Tests

Personality IQ Test Relationship Test Depression Test Stress Test Motivation Test Success Test Self Perception Test Optimism Test

Tools & Games

Gratitude Journal Brain Teasers Memory Training Game

Other

About & Contact
Free Tests
Personality Test IQ Test Relationship Test Optimism Test Motivation Test Depression Test Body Image Test Life Goals Test Stress Test
Games & Tools
Gratitude Journal Brain Teasers Memory Trainer About & Contact

Are You Optimistic or Pessimistic?

  1. Do you expect the best or worst outcome?
  2. Does your outlook affect your motivation?
  3. Do you have trust and faith in people?
  4. Do you expect the best?
  5. If something can go wrong for you, will it?
  6. Do good things happen to you?
Free (1-2 mins) - 4.7/5 out of 32 reviews

Featured by the Telegraph

The Benefits of being Optimistic

  1. Live longer
  2. A 10 year study on elderly revealed those with a positive outlook not only live longer they're also less likely to require permanent care. Optimist live roughly 8-10 years longer than pessimist.

  3. Beat Cancer
  4. A 1 year follow up in a study on 101 French head and neck cancer patients found that optimistic people were less likely to die.

  5. Better Overall Health
  6. An Australian study on 9501 women found optimistic people had greater overall health. The study used the SF-36 survey which measures overall vitality, mobility, pain and many other factors.

  7. Enjoy more love
  8. A longitudinal study on dating couples found optimist enjoyed more satisfying and longer lasting relationships. It seems optimistic people were more hopeful about the future and were subsequently more constructive during relationship adversity.

  9. Career Success
  10. A longitudinal study on MBA graduates revealed optimist found jobs more easily and were more likely to be promoted.

  11. Less Stress
  12. Numerous studies into the relationship between our outlook and mental health have demonstrated that being optimistic improves our overall well being, stress included.

What is Optimism?

Optimism is the overall view that the world is a great place and that things will turn out ok. The optimist believes (for example) that events will turn out for the best, or that people are trustworthy. Most people are generally optimistic about things that have turned out well for them in the past, or about things that have good associations for them. People can also be optimistic about their internal lives and still pessimistic about external world events.

What is Pessimism?

Pessimism is essentially the direct opposite of optimism in that it is the belief that the world is a bad place and that things will turn out for the worst. You may be pessimistic for example about the prospects of getting a new job, or about your partner forgiving you for an indiscretion.

How we test for Optimism

Our test utilizes the very well researched Life Orientation Test to measure overall optimism and pessimism by evaluating your outlook on the future. To see whether your optimistic or pessimistic your outlook is compared to others that have taken the test. You'll see how your levels of optimism and pessimism compared to people in your age group from your part of the world. To date this is the largest and most accurate online optimism test in the world.

Better to be Optimistic or Pessimistic?

There are often links between our psychology and physiology. Research into the relationship between optimism and our overall well being has shown maintaining a positive outlook is not only better for our minds but also affects our bodies. Sadly the pessimist probably expected this, and so it's a case of thinking it, makes it so. A self fulfilling prophecy of sorts.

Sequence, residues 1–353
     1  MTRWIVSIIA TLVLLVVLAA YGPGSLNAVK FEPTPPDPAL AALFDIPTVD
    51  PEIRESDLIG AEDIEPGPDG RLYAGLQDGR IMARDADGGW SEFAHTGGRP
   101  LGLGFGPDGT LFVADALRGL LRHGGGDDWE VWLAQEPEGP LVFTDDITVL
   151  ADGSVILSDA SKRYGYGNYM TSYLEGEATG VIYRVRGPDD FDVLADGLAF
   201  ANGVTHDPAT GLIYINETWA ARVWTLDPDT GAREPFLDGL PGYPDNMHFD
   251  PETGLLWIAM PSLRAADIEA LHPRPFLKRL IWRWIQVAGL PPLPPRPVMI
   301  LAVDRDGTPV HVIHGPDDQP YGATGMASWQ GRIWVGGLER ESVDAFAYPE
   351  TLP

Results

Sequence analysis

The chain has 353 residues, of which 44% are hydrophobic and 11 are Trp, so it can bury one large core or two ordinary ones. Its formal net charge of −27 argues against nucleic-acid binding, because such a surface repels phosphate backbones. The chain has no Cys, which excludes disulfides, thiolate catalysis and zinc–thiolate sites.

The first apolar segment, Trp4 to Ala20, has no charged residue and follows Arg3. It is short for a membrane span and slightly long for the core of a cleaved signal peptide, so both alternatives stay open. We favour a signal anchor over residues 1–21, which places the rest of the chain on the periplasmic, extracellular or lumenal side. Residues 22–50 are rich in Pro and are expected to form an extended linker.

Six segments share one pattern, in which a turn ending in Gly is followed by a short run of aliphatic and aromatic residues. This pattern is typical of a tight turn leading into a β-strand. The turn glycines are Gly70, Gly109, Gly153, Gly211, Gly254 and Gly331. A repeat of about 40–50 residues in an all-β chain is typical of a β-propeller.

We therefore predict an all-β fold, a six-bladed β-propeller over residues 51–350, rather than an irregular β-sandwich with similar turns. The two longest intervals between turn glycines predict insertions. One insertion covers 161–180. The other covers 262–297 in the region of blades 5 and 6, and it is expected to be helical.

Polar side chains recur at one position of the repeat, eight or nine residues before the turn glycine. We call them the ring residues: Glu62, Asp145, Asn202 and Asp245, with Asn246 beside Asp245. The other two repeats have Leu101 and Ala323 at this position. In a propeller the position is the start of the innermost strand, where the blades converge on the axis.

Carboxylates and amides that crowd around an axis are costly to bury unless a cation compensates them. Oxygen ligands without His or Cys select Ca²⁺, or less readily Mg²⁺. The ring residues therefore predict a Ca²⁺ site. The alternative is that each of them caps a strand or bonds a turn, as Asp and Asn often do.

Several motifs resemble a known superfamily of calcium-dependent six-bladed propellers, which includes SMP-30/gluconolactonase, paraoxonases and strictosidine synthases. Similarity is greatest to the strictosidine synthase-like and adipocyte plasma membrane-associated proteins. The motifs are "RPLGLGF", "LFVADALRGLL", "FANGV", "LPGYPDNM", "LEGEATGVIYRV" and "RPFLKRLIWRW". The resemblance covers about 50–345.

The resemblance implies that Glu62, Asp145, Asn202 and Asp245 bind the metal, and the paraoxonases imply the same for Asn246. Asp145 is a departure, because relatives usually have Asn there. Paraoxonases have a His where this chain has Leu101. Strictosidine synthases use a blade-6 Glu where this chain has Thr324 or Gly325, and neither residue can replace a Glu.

You're Actually Optimistic and Pessimistic

Optimism and pessimism are two different outlooks on life that dictate how you deal with most situations and your expectations of the world. People tend to label themselves and others as either optimistic or pessimistic but to do so is overly simplistic. Optimism and pessimism can co-exist and vary depending on circumstances. For example you may have an optimistic outlook on life, but feel quite pessimistic about your job. This is why you shouldn't label yourself as either optimistic or pessimistic. Think of optimism as a sliding scale, one end being extremely optimistic and the other being very low on optimism. We all fit somewhere along this sliding scale and it tends to vary for different events in our lives.

Can Optimism be learned?

Say you're pessimistic (as most people are) but wish to switch teams and enjoy some of the benefits of being optimistic, is it possible to change your outlook? Just how much of your optimism or pessimism is inherited and based on your genes? A study on 500 pairs of identical twins conducted in 1992 sought to answer this question. Half of the twins were raised together while the other half were raised apart. The study showed 25% heritability of both optimism and pessimism, meaning your disposition to either optimism or pessimism is 25% determined by your genes. So like many other components of our psychology optimism is partly determined by genetics and partly determined by environment, social support as well as our learned behaviours. Martin Seligman a psychologist at the University of Pennsylvania believed optimism like many other skills could be learned. To prove his point he taught students a number of optimism techniques and compared the mental health of these students to those without the skills. Students who learned optimism techniques were far less likely to develop depression, anxiety and also enjoyed improved overall health. If you're interested in learning optimism you might want to read Seligman's book, "Learned Optimism"

The Happy Secret to Better Work

Leave a comment, optimistic or pessimistic